Investigating the role of neutrophil-mediated tissue damage in a model of lupus nephritis


Systemic lupus erythematosus (SLE) is a rare autoimmune disease that affects around 5 million people worldwide. It disproportionately affects women and is incurable. SLE is a multimorbid disease, with renal damage (lupus nephritis), cardiovascular disease, arthritis and mental health issues affecting around 78% of people with SLE. Even with modern treatment it is still associated with an increased risk of shortened life expectancy. SLE is characterised by the production of multiple auto-antibodies (e.g. anti-nuclear antibodies, anti-double stranded DNA antibodies) alongside chronic, systemic inflammation. Neutrophils are innate immune cells involved in chronic inflammation and production of neutrophil extracellular traps (NETs) that expose auto-antigens (e.g. DNA, histones) leading to production of auto-antibodies. We hypothesise that neutrophil activation products including reactive oxygen species (ROS) and proteases (such as elastase and collagenase), along with auto-antibodies that bind to NETs, induce tissue damage in the kidney glomeruli of people with SLE.


The objectives of the project are to define the role of neutrophils and neutrophil products (ROS, proteases, NETs) in tissue damage in SLE and identify therapeutic inhibitors of neutrophil activation and neutrophil-mediated tissue damage.


Activated neutrophils are an exciting new therapeutic target to block tissue damage in auto-immune diseases. The primary supervisor has active grants which have identified small molecule kinase inhibitors to block NET production and the secondary supervisor has extensive experience in protease biology. The third supervisor who has extensive experience in developing in vitro organoid models will lead development of the in vitro organoid model of the lupus kidney.


SLE is a serious life-limiting disease with very few treatment options. The primary supervisor is leading a program of discovery research to identify novel therapies to target unwanted neutrophil activation in auto-immune disease. The primary supervisor has an established collaboration with a connective tissue disease consultant in Liverpool who can source neutrophils from people with SLE.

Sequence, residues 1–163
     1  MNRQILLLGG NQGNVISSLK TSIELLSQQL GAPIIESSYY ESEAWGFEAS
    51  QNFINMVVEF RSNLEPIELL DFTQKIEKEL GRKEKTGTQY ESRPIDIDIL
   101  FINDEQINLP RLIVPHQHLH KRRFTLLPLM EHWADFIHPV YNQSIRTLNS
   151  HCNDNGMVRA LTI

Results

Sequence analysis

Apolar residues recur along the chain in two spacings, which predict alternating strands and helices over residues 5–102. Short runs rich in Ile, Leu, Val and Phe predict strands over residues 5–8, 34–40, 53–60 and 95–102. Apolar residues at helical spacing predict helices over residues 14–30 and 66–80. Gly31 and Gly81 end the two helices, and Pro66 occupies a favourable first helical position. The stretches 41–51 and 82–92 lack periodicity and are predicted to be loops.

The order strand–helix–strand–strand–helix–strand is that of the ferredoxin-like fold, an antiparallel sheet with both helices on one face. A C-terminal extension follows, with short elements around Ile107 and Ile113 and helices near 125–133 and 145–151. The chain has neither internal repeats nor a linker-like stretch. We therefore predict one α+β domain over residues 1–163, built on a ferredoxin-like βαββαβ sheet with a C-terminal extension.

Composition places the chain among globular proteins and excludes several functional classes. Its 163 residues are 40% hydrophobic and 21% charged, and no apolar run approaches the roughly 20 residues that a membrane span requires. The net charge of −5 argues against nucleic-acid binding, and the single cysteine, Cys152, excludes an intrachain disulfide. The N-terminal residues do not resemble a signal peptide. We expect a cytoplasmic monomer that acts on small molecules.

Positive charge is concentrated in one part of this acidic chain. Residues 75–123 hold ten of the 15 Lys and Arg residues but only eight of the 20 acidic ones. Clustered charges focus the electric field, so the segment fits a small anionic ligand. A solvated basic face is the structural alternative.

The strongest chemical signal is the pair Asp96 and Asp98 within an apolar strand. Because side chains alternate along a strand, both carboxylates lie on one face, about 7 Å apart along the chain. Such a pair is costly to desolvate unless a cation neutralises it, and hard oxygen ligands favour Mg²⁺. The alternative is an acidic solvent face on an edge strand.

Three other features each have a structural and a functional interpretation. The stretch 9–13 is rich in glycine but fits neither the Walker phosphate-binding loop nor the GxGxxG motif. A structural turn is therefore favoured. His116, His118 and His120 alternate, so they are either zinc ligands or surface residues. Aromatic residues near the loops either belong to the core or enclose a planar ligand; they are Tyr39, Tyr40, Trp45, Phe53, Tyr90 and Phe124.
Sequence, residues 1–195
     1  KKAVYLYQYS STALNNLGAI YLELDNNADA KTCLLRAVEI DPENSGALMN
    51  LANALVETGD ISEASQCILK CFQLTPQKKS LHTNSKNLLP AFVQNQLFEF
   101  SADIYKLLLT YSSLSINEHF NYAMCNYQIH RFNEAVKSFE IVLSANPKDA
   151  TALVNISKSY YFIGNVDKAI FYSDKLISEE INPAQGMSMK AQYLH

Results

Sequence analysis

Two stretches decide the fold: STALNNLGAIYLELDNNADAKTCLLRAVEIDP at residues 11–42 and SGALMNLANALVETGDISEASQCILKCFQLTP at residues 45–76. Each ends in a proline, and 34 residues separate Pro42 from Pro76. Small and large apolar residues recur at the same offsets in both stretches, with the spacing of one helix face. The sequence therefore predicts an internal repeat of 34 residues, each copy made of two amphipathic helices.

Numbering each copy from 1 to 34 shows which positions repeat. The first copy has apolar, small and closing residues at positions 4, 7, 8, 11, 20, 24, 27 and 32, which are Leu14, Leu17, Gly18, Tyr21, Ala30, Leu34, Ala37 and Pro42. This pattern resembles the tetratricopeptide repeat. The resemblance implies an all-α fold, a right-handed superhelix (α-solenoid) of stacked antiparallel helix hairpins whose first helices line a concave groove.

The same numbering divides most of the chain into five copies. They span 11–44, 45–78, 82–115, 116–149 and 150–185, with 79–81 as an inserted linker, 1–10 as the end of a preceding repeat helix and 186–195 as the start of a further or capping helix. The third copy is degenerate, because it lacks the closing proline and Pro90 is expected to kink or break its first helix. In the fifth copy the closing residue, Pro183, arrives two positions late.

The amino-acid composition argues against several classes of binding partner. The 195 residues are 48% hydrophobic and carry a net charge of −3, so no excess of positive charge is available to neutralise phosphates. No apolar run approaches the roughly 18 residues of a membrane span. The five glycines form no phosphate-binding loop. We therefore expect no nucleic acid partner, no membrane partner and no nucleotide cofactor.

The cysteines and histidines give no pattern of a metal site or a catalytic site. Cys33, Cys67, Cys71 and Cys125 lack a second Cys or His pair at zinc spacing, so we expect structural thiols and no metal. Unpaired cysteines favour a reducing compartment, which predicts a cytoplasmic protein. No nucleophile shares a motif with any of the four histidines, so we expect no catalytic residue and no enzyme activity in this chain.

Experimental Approach

We will develop an in vitro model of SLE using co-cultures of neutrophils, neutrophil degranulation products, NET debris and serum (healthy and SLE) with endothelial (HUVEC) and epithelial (podocytes) cells in 2D and 3D organoids. We will use a range of cell-based assays to measure protease and cytokine production, cell viability, proliferation and collagen degradation. We will repeat these experiments in the presence of chemical inhibitors of NET production and neutrophil proteases (e.g. MMP inhibitors, serine protease inhibitors) in order to identify potential novel therapies for the treatment of SLE.


To apply: please send your CV and a covering letter to Dr Helen Wright


Open to students worldwide

Funding information

Self-funded project

The successful applicant will be expected to provide the funding for tuition fees, living expenses, and attendance at conferences. A research bench fee of £10,000 p.a. will be levied as a contribution to laboratory consumables and research facility access. There is NO institutional funding attached to this project. Details of costs can be found on the University website.



  1. Fresneda Alarcon M, McLaren Z, Wright HL*. Neutrophils in the pathogenesis of rheumatoid arthritis and systemic lupus erythematosus: same foe different M.O. Frontiers in immunology 2021 12:649693. doi: 10.3389/fimmu.2021.649693
  2. Chapman E, Lyon M, Simpson DM, Mason DN, Beynon RJ, Moots RJ, Wright HL*. Caught in a Trap? Proteomics analysis of neutrophil extracellular traps in rheumatoid arthritis and systemic lupus erythematosus. Frontiers in Immunology 2019 10:423
  3. Wilkinson DJ, Falconer AMD, Wright HL, Lin H, Yamamoto K, Cheung K, Charlton SH, del Carmen Arques M, Janciauskiene S, Refaie R, Rankin KS, Young DA, Rowan AD. Matrix metalloproteinase-13 is fully activated by neutrophil elastase, and inactivates its serpin inhibitor, alpha-1 antitrypsin: Implications for osteoarthritis.